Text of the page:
Every solution pathway within the existing system is now fatigued. The situation is disheartening as there is no hope of a solution within it. After a summer of complacency and compromises with the global capitalist order genuflecting before a virus, we accept with brutal certainty, that nothing we tried has worked to contain the pandemic without disrupting the forces of economic globalization. Having gathered the courage to openly accept this bleakness, we must now set out to reimagine our lives. To picture the radical socioeconomic change that will involve a direct ‘politicization’ of the economy, with a much stronger role for the state, and, concurrent deeper transparency of the state apparatuses for the benefit of civil society.
As eccentric as it may seem, the West Indies must now take a dragonfly-eye perspective of Cuba to understand how Cuba coped with the fall of the Soviet Union for inspiration on how to deal with a post-Covid-19 Black Mirror world that is now under hasty construction. Ticketmaster is already considering that patrons may be required to supply proof of their Covid-19-negative status or proof of vaccination or immunity if they wish to attend large in-person shows at high-capacity venues. Where does this leave the unclaimed who after independence remain uprooted and who must prefix their existence with “Indo-”, or “Afro-”.
The unclaimed who append their identity to a thing that rejected them ages ago remain lost, disavowed and marooned. The hope of Eric Williams in 1962 was to build a democratic Nation that ostracized outmoded privileges. A Nation capable of “thinking for itself, knowing its own mind and speaking its own point of view”. For Williams democracy deteriorates into a “hollow mockery” and a “gigantic fraud” when it is grounded on “a ruling group’s domination [of] slaves or helots or fellaheen or second class citizens or showing intolerance to others because of considerations of race, colour, creed, national origin, previous conditions of servitude or other irrationality.”
Battymamzelle-eye insight is a feature of great problem framers. The large compound eyes of dragonflies with thousands of lenses and photoreceptors sensitive to different wavelengths of light allow them to process multiple Picasso-like perspectives not usually available to humans. By widening the aperture on the problem or viewing it through multiple lenses of the Battymamzelle, we get to see beyond the accustomed tropes into which our pattern-recognizing brains assemble perception. The West Indies must prepare our children to take a dragonfly-eye view of the pandemic and other problems and to “anchor outside” the ecology of the problem, especially when we seem to be confronted by constant glitches, vagueness, and the unintended.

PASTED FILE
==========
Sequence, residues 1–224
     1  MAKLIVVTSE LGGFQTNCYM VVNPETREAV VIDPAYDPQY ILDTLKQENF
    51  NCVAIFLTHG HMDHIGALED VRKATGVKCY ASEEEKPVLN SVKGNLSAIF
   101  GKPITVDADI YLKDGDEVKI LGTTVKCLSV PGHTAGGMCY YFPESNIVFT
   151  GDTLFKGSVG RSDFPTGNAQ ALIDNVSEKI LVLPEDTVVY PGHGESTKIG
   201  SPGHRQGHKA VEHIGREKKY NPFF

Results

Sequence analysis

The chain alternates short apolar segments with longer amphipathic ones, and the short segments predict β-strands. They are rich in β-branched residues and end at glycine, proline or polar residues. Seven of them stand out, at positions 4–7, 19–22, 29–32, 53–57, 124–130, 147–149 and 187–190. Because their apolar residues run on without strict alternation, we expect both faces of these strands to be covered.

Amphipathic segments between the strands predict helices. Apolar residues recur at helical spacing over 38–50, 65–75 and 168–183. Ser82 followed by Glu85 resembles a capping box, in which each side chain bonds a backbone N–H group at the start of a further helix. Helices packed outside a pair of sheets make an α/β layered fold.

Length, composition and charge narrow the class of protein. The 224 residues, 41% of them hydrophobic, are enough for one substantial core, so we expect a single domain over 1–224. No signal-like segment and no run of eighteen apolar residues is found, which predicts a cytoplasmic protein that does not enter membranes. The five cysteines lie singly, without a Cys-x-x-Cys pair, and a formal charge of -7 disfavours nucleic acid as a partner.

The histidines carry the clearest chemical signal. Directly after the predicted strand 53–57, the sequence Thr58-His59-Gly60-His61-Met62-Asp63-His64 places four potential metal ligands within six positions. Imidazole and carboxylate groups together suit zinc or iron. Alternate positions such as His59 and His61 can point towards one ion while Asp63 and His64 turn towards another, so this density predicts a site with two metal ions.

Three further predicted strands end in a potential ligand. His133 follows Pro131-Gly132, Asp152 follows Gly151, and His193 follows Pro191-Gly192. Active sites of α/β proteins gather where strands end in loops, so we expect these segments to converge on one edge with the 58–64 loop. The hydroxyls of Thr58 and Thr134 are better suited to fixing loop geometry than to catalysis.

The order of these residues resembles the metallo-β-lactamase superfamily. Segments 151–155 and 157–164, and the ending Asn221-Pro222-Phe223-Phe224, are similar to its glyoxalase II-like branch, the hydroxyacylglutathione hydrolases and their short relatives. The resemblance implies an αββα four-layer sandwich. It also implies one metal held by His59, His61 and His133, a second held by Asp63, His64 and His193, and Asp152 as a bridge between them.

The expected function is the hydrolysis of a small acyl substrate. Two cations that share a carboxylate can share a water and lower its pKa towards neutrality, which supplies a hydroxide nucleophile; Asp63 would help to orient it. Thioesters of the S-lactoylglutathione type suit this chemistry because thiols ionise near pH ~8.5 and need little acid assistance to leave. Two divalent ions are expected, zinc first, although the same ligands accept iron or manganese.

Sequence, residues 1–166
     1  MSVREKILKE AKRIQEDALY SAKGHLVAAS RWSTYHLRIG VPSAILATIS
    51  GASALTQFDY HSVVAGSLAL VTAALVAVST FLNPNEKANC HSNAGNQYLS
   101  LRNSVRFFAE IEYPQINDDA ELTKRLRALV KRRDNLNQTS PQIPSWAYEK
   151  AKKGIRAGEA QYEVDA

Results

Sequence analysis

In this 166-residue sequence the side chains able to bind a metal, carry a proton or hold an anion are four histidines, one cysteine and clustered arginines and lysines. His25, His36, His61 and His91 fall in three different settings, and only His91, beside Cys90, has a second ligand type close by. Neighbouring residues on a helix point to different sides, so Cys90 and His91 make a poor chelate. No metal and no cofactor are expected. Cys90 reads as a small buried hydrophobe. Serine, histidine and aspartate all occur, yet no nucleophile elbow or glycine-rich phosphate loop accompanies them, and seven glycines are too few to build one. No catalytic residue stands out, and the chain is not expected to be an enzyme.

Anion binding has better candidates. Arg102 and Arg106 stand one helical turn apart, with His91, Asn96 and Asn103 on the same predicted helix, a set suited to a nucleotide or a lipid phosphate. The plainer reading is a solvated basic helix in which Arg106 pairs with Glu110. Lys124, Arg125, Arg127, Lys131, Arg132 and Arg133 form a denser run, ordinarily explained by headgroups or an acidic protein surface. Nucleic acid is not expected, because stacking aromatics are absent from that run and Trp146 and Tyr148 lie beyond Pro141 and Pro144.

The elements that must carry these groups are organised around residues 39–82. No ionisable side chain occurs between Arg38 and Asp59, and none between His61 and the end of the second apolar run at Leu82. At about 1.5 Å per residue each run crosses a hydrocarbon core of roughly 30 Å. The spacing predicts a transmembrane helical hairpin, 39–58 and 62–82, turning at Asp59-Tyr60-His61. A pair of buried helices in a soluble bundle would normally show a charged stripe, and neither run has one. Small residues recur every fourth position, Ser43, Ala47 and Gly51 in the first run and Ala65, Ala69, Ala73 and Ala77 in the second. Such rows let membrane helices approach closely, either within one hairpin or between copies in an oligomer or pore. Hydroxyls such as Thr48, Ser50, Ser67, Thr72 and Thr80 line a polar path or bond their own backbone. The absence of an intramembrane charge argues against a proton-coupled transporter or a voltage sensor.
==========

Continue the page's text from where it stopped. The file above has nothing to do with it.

Schools must nurture in our children the propensity to interrogate snags from multiple perspectives, including those that initially seem orthogonal. They must know how to start and to begin over and over again when they meet a dead-end or fail, and to search inside the interstices of loosely coupled ecosystems in which a problem is enmeshed. They must be shown how to go beyond the patterns they recognize to avert the awkwardness that makes it difficult to escape their own thinking.
Before the present pandemic, India faced a complex public health threat during an outbreak of HIV/AIDS. So the planners widened the problem’s definition. This made it possible to leave off the traditional epidemiological HIV transmission model built around known “hot spots,” to embrace one in which sex workers facing violence were made the centerpiece. This dragonfly-eye approach addressed a broader constellation of leverage points by including the sociocultural context of sex work. The narrow medical perspective had utilitarian value but it didn’t tap into the related issue of violence against sex workers, which yielded a richer solution set. But sometimes decision makers face highly constrained time frames and have limited resources. This compels them to narrow the aperture and deliver a tight, conventional answer. Not a solution.
To be of worth and be valued, the unclaimed genius like Walcott must journey from the periphery. The intolerance of the periphery offers a bland nothingness. Delia Alleyne from Scarborough, Tobago, worked as an assistant tailor under lead stylist Zerina Akers to create Beyoncé’s pastiche of symbols and ideologies in a time of Coronavirus for the visual album “Black is King”. In 2017, Delia left Trinidad joining the flight-of-flamingos leaving the island to find something more. Delia created an outfit for Beyoncé’s daughter Blue Ivy and a gown for Beyoncé to appear in one scene.
“Black is King” allows Black Lives to reclaim a throne of black self-identity that has undergone varieties of erasure. And to live once more in the castle of their own skins with majesty. With its aesthetic of African dignity, “Black is King” seems especially emancipatory in its rebuke of tattered colonist motifs. Delia stood unclaimed at UTT when she was credited for teaching Anya Ayoung Chee to sew for her appearance on Project Runway, which the former beauty queen won. In that year, Delia was honoured by the Point Fortin-based design label Zadd and Eastman. Now she flies with a flock-of-flamingos like James Hackett whose creations with Fe Noel feature in Vogue.